Review: End Of The Road Festival 2017
By the time the final hardy survivors drag themselves away from Larmer Tree Gardens following a final day of persistent spirit-sapping rain, End Of The Road Festival 2017 has been an undisputed success, packed with eclectic musical delights.
Organiser Simon Taffe celebrated the festival’s 12th birthday by finally bagging two headliners that were on his initial wishlist – Lucinda Williams and Bill Callahan. And despite the grim meteorological conditions, the final day’s bill rewards those who stick around, with the reunited The Jesus & Mary Chain closing the show. Once again, Taffe has put together a stellar line-up that mirrors his connoisseur’s record collection and impeccable taste.
The compact nature of this beatific site, fringed by shady woodland on the Dorset-Wiltshire border, makes dashing between the main music stages trying to tick off all of Sunday’s highlights an almost-realistic task. New Zealander Nadia Reid, Girl Ray, Marika Hackman, Julia Jacklin, Waxahatchee, Perfume Genius, Foxygen and Deerhoof are but a few of those acts, before the troubling triple-header headline clash of the Mary Chain/Bill Callahan/Japandroids.
Saturday night’s main attraction, Father John Misty shows why post-Fleet Foxes he’s one of the biggest solo acts in the business, producing a cerebral debut headline performance overflowing with natural charisma, rapier wit and biting social commentary, backed by a chamber orchestra. The artist previously known as Josh Tillman, immaculately dapper, saunters onstage and opens with the six-minute Pure Comedy. The lead single from this year’s album of the same name is a work of unparalleled, acerbic lyrical genius and his booking is a major coup for End Of The Road.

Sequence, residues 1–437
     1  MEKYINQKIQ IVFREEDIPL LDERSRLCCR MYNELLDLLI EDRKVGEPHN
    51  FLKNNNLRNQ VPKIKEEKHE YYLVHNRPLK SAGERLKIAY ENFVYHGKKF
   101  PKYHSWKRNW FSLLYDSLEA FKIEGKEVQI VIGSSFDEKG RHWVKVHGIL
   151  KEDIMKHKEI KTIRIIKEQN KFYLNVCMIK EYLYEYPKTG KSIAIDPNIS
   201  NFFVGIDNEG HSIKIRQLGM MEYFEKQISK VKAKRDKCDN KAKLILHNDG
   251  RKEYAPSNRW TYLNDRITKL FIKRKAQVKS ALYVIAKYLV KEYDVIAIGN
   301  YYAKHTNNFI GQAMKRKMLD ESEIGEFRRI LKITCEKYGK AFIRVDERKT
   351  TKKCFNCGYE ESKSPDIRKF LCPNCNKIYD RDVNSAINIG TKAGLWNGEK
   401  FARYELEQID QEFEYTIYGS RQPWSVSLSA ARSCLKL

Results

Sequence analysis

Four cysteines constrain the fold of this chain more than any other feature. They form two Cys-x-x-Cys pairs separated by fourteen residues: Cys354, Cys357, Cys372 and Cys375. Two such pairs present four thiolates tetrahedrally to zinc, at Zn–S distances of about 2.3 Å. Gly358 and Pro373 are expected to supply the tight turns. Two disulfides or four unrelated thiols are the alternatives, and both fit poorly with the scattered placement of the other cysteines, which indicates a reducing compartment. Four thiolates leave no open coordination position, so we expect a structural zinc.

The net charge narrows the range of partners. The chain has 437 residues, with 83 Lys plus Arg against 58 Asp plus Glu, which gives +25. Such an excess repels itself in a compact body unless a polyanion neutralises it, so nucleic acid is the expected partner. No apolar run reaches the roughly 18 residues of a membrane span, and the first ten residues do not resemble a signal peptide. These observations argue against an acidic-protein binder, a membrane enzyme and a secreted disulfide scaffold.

For the next 90 minutes, Tillman strides triumphantly across his stage, jumps onto the drum riser, drops in a few British-specific weather jokes and actually appears to be having a pretty good time. In a recent catalogue of highly compelling performances – not least topping the bill in Glastonbury’s John Peel Tent – this is one of his very best.
Preaching to his adoring flock, Father John draws heavily from his last two albums – the exceptional I Love You Honeybear and 2017’s more verbose follow-up. He’s a consummate performer and has the biggest crowd of the day on the Woods Stage – despite the competing draw of Ty Segall and Gold Panda – enraptured throughout. Bigger stages await.
Kicking off Saturday on the shady slopes of the outdoor comedy stage, Amy Annette leads a quartet of comedians including the hilarious Joe Lycett, in a fascinating podcast debate entitled What Women Want, focusing on the myth of the ‘Beach-ready body’.